The Lefebvre case is bringing orthodox American Catholics to a boil. The dispute, long simmering, centers on Pope Paul VI, but it concerns not only the merits of one individual pope. History is full of such ad hoc squabbles, and history deals with them in its own good time. The present dispute raises more basic questions. What, if any, are the limits of papal power? What does a living pope owe not merely to the doctrines of the Church but to its traditions? To its usages? What does he owe to the ideas and policies of his predecessors? What should be his relations to a world hostile to the Faith?
To one group—let’s call them the conservatives—the questions exist not as subjects for exploration but simply as points for affirmation, slogans for the troops. The pope can do no wrong (or, if he can, don’t mention it till he’s in the grave a safe century or so). Ours not to reason why, or question; ours but to rally round the papal flag, with the conservatives establishing the ground rules for Flag Day.
The opposition have no such simple formula to counter with. The opposition are groping—and bleeding. And the dispute is the more poignant, the more bitter, because most of the opposition until yesterday ranged themselves with the conservatives.
But then, reality broke through. For some years after the Council, the conventional line had been: the Pope is isolated/misled/uninformed/captive/what-haveyou. This position always depended on a vast innocence of Church and human affairs, and moreover needed occasional tokens that the Pope was really on their side. The pressure of catastrophe had to eat away at that position—particularly when the Pope was at pains to show that he does indeed know what is going on, that he is indeed the author of these policies, that he is no fool, and that he is not at all pleased with Catholics who oppose him.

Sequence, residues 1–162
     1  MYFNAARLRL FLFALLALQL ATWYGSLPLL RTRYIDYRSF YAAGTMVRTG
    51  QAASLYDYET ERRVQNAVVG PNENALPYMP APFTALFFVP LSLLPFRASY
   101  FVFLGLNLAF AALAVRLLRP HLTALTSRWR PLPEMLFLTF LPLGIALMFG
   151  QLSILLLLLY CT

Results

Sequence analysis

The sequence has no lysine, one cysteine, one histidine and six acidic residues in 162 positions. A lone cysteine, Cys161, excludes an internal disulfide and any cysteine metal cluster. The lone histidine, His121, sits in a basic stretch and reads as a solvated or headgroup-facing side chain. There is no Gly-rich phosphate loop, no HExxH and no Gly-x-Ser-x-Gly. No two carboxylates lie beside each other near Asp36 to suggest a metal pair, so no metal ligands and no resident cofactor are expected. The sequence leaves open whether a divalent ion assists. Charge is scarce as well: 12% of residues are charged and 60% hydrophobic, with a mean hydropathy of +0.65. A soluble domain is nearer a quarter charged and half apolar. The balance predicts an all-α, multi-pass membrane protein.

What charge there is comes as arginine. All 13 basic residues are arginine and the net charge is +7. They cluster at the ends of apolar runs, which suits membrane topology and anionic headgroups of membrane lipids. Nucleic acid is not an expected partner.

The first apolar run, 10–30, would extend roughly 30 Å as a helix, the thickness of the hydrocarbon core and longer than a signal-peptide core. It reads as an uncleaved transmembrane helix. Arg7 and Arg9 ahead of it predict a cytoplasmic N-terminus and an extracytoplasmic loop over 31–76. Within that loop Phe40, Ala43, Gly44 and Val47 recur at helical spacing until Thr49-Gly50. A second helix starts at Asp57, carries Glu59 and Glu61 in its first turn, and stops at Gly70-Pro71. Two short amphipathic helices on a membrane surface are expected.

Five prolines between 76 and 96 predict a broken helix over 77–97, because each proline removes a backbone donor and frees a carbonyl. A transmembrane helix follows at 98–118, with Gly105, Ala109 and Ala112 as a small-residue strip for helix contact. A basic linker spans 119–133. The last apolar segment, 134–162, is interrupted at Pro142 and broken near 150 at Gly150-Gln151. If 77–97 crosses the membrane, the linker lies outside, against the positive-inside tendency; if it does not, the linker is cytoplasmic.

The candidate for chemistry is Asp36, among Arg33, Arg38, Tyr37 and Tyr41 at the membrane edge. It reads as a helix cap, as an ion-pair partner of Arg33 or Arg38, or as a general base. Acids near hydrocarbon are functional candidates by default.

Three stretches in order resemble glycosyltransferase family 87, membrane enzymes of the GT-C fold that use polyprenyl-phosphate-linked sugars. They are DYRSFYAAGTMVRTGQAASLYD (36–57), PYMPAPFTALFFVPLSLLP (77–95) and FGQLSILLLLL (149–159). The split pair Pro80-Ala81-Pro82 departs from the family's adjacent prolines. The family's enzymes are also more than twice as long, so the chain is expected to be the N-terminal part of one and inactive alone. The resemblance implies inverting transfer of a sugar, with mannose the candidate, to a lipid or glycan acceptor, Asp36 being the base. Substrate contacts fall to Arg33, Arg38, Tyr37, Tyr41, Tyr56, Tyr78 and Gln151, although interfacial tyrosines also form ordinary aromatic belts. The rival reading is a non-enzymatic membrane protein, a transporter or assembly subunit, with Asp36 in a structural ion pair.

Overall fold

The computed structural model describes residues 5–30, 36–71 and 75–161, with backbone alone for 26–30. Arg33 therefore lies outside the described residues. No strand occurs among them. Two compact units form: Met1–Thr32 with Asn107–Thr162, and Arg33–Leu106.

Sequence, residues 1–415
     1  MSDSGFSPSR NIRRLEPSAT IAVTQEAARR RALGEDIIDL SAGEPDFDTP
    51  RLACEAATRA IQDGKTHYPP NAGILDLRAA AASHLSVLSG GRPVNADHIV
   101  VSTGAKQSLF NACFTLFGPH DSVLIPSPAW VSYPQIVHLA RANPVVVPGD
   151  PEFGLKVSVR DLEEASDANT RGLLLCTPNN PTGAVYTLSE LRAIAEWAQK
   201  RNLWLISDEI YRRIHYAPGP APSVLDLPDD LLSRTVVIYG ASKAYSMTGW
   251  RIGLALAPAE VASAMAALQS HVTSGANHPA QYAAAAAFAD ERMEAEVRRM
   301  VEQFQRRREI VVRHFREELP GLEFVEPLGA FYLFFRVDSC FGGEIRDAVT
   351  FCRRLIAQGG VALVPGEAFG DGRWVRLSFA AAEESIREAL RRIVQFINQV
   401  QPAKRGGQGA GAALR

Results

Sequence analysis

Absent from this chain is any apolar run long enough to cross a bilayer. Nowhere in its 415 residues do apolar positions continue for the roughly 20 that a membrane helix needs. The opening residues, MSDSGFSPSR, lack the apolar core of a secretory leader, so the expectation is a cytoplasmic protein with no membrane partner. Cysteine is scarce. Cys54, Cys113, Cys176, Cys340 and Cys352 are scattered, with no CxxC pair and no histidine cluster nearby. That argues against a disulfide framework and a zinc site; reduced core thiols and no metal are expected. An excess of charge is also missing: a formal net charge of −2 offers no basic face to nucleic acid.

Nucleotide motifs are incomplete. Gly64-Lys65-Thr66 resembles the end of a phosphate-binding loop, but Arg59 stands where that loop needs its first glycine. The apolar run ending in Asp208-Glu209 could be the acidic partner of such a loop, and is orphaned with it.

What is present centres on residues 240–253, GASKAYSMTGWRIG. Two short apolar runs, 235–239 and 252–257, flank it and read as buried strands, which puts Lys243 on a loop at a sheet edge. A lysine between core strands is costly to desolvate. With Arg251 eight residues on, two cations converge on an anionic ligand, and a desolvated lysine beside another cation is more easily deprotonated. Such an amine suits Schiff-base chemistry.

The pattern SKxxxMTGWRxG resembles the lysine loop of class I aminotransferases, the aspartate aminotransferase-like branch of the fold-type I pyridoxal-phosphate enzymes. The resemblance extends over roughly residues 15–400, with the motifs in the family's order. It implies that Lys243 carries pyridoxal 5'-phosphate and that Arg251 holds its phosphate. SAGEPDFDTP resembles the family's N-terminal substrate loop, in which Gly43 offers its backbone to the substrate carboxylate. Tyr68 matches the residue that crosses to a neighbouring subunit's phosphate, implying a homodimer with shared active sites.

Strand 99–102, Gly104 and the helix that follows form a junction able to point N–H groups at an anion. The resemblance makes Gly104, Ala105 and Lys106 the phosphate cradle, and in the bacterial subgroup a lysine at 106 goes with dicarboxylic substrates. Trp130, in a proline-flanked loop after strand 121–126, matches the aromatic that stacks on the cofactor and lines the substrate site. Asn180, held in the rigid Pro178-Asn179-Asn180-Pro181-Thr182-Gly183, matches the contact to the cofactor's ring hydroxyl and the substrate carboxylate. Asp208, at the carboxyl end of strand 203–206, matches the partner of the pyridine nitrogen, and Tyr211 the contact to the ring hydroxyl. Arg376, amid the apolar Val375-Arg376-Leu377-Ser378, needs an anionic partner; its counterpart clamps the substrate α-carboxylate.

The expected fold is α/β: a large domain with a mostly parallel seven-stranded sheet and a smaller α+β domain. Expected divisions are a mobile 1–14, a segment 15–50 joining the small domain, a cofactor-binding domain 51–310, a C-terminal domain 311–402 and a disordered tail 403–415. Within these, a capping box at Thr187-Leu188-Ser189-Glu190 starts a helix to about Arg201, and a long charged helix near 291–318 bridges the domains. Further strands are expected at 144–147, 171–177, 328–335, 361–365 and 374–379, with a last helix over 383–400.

When these facts began to hit home, less balanced Catholics reached for new explanations, and came up with kookery: the Pope is a Communist/Freemason/imposter…or was invalidly elected…or is drugged; and so on. Sensible Catholics, rejecting all this nonsense but still confronting the cruel fact of a pope hostile to much of what they hold sacred, had to enter upon what may be called, at least analogously, their dark night of the soul.
But if God is there, dark nights of the soul can be illuminating. Troubled Catholics began to consider seriously what had once been mere abstractions to them. Not every papal or conciliar statement is infallible, or even wise. Not every papal policy is prudent, or in the best interests of the Faith. No pope, St. Peter himself knows, is beyond error, and no humble pope refuses to correct his error. And, as Dante and St. John Chrysostom once told us, some popes do go to Hell.